7.55  Congress responded this questionable payments scandal by enacting the Foreign Corrupt Practices Act in 1977 (FCPA) as an amendment to the Securities Exchange Act of 1934.45 The FCPA prohibits payments in the form of bribes to foreign government officials in order to obtain business. The FCPA also prohibits falsification of the books and records of a public company. The books and records prohibition sought to prevent the use of off-the-books slush funds. It, nevertheless, applies broadly to other books and records. The SEC enforces civil penalties under the FCPA and the Department of Justice (DOJ) pursues criminal violations.46

7.56  In 2010, the SEC created a specialized unit in its Enforcement Division that is tasked with investigating and prosecuting FCPA cases. Between 2010 and 2018, the SEC assessed nearly USD5 billion in fines for FCPA violations. Most of those cases involved manufacturing or industrial services, but financial services firms were also caught up in the SEC dragnet. For example, JPMorgan agreed to pay USD264 million to settle FCPA charges brought by the SEC, Federal Reserve Board, and DOJ. The bank was charged with bribing Chinese officials to gain business by hiring their children to work for bank affiliates. BNY Mellon paid nearly USD15 million to settle SEC charges of similar misconduct with respect to family members of foreign government officials involved in a Middle East sovereign wealth fund.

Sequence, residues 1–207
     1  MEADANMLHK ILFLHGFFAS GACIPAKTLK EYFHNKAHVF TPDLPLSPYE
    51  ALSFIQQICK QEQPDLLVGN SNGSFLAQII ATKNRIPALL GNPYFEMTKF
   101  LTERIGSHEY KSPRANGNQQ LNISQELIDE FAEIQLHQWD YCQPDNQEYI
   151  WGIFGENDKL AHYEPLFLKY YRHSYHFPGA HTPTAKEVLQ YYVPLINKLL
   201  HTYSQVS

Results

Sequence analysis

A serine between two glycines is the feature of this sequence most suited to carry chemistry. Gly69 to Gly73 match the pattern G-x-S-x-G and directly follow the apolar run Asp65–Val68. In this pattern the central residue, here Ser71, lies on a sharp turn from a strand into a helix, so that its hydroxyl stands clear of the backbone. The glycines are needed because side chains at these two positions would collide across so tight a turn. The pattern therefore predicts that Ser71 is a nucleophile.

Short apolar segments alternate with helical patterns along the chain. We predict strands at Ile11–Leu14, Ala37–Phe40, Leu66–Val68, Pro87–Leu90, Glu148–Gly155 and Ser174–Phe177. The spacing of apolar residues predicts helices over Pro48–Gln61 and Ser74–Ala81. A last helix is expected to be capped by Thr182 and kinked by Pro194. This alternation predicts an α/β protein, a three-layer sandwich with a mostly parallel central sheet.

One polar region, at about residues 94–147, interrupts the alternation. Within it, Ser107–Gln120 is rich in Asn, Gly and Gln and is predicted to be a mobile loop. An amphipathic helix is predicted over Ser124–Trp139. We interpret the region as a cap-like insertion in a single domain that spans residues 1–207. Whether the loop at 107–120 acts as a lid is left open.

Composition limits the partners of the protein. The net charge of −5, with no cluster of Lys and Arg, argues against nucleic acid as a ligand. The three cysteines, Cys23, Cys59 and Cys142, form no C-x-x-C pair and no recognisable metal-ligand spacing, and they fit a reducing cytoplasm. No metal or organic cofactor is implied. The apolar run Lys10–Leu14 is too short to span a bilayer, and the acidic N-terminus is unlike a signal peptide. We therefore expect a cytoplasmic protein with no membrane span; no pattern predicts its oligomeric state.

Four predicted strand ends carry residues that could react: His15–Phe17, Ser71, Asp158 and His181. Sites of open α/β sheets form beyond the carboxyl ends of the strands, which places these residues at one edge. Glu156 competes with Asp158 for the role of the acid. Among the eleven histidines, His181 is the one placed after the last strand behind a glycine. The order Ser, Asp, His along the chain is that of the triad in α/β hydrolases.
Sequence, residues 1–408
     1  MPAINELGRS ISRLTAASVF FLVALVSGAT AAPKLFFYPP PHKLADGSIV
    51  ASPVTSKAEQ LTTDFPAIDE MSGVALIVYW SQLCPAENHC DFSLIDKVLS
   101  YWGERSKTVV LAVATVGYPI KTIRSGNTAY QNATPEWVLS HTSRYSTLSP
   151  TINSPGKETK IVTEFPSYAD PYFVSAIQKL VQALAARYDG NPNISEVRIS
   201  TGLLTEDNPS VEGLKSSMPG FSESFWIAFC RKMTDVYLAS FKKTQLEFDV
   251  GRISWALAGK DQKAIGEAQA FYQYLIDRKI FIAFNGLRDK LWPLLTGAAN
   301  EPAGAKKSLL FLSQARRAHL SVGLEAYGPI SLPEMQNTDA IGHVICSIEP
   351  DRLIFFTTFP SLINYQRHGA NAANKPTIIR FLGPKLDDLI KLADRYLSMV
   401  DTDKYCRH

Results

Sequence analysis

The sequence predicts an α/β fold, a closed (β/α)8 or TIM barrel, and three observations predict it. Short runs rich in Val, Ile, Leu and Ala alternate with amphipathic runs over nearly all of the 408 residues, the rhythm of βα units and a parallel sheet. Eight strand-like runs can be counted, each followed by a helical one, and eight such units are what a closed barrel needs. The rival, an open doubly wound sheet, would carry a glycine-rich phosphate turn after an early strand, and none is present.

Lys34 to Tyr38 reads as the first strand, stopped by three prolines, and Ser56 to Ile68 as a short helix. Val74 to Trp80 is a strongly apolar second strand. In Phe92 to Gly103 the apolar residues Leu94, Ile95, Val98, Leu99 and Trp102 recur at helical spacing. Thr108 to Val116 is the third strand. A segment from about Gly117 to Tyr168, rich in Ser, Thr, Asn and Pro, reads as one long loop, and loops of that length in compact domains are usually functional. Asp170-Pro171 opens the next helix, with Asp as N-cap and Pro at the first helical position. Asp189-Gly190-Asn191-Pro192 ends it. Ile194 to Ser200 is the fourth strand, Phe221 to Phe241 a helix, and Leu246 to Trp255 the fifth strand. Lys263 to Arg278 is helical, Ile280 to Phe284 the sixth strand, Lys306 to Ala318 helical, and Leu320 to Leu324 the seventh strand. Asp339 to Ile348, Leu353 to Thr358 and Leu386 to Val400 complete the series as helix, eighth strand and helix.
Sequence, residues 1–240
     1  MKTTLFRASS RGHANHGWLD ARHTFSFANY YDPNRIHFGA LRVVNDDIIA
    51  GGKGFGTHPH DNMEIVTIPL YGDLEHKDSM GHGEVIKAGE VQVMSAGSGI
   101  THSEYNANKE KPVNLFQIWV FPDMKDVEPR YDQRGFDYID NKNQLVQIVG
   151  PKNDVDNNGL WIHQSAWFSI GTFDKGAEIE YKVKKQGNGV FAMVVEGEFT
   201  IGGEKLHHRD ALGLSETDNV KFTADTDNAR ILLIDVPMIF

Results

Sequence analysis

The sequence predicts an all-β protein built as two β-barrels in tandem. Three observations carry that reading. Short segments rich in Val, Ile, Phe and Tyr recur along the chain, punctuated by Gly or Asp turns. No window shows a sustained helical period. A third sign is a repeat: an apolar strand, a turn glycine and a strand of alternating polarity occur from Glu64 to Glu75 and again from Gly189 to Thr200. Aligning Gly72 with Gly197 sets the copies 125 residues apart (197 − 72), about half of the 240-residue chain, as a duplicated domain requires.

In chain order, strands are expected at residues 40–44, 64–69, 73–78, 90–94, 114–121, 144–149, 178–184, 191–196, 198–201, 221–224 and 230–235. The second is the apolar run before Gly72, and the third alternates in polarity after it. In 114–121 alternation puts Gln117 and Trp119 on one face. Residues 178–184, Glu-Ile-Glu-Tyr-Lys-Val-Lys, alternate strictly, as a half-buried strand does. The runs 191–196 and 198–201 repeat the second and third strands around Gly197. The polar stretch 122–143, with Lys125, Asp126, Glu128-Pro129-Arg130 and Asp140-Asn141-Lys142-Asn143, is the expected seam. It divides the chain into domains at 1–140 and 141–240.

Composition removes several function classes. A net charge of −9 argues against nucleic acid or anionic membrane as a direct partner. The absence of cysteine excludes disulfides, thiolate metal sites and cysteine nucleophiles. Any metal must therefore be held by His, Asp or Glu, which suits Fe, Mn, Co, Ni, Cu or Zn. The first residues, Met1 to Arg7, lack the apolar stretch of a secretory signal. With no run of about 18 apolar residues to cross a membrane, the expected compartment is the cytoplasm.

7.57  A Morgan Stanley executive was fined and barred from the securities industry for engaging in a real estate scheme with a Chinese official who steered business to Morgan Stanley. A hedge fund, Och-Ziff paid USD412 million to settle criminal and civil charges that it had bribed government officials in Africa. Allianz SE, a German based insurance company, paid USD12.3 million to settle FCPA bookkeeping requirement violations relating to payments made to Indonesian government officials. Similarly, (p. 337) Aon Corporation, an insurance broker, paid over USD15 million to settle FCPA bookkeeping requirement violations.47

C.  Anti-Money Laundering

1.  Introduction

7.58  The US has led the world in combatting money laundering, which typically involves the deposit of proceeds from illicit activities into what appear to be legitimate banking or brokerage accounts. Initially, anti-money laundering (AML) charges were focused on the laundering of funds associated with illegal trafficking in narcotics. Today, at least in the US, money laundering charges often accompany most financial crimes such as insider trading or illegal trading activities.